Disruption of Short-Term Memory by Changing and Deviant Sounds: Support for a Duplex-Mechanism Account of Auditory Distraction

R.W. Hughes, F. Vachon, Dylan Jones

Research output: Contribution to journalArticle

139 Citations (Scopus)

Abstract

The disruption of short-term memory by to-be-ignored auditory sequences (the changing-state effect) has often been characterized as attentional capture by deviant events (deviation effect). However, the present study demonstrates that changing-state and deviation effects are functionally distinct forms of auditory distraction: The disruption of visual-verbal serial recall by changing-state speech was independent of the effect of a single deviant voice embedded within the speech (Experiment 1); a voice-deviation effect, but not a changing-state effect, was found on a missing-item task (Experiment 2); and a deviant voice repetition within the context of an alternating-voice irrelevant speech sequence disrupted serial recall (Experiment 3). The authors conclude that the changing-state effect is the result of a conflict between 2 seriation processes being applied concurrently to relevant and irrelevant material, whereas the deviation effect reflects a more general attention-capture process.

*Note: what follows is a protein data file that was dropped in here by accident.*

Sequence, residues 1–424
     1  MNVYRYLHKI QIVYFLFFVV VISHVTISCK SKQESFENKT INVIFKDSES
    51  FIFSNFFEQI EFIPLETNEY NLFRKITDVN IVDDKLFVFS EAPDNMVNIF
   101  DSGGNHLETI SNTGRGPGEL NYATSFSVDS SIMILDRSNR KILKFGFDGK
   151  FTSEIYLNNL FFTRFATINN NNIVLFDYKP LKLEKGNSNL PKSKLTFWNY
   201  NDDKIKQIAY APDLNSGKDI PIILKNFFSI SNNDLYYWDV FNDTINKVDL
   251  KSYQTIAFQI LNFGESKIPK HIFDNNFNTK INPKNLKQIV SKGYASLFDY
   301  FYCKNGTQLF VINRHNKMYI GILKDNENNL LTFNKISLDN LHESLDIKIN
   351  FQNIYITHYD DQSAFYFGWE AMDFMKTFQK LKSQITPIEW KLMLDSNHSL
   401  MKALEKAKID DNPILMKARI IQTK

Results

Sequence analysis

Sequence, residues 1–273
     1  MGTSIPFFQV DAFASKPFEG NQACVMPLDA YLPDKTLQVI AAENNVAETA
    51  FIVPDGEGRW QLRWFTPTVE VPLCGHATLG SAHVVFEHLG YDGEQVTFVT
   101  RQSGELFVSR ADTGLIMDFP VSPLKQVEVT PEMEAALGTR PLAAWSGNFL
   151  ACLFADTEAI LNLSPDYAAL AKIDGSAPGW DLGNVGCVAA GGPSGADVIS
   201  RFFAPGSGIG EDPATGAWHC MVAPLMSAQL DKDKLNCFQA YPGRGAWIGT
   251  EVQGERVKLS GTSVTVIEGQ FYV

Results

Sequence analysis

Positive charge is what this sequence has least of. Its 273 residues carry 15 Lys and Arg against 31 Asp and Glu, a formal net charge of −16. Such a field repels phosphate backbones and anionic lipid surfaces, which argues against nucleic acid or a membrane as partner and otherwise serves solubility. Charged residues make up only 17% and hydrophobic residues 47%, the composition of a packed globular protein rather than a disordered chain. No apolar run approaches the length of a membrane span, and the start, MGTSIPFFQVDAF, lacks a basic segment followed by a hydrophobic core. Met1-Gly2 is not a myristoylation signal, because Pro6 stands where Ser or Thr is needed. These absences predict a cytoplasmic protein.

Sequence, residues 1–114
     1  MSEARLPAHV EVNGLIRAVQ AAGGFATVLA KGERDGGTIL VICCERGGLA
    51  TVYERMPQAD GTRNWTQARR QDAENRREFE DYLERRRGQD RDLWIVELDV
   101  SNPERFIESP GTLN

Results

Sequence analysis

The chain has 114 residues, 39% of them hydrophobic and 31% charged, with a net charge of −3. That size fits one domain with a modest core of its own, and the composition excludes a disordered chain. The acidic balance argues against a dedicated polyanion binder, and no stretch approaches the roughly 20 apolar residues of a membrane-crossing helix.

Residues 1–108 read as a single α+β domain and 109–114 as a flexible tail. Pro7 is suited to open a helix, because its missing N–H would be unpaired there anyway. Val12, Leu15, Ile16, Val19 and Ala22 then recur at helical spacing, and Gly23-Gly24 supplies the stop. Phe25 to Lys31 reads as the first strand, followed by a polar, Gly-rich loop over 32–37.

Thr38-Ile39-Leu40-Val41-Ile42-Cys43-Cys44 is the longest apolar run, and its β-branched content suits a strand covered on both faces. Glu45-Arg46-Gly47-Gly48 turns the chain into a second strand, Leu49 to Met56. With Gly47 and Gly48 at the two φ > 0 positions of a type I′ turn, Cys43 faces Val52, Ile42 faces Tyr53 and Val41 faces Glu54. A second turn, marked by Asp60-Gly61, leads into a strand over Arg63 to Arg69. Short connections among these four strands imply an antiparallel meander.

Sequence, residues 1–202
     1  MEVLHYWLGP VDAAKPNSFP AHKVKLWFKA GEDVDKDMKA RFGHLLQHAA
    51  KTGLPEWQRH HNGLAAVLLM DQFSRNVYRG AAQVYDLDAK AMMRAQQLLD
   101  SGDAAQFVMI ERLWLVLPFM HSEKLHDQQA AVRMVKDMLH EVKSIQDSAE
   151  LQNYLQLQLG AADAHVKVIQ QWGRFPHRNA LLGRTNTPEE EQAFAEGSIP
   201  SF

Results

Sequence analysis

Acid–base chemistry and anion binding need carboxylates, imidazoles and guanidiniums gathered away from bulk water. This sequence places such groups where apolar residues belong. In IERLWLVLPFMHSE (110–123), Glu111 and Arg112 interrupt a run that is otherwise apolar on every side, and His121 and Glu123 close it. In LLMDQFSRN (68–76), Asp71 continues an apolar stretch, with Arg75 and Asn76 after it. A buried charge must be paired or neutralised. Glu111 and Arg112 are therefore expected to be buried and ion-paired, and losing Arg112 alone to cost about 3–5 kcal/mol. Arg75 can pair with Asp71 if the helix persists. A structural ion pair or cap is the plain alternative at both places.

Original languageEnglish
Pages (from-to)1050-1061
JournalJournal of Experimental Psychology: Learning, Memory, and Cognition
Volume33
Issue number6
DOIs
Publication statusPublished - 2007

Fingerprint

Dive into the research topics of 'Disruption of Short-Term Memory by Changing and Deviant Sounds: Support for a Duplex-Mechanism Account of Auditory Distraction'. Together they form a unique fingerprint.

Cite this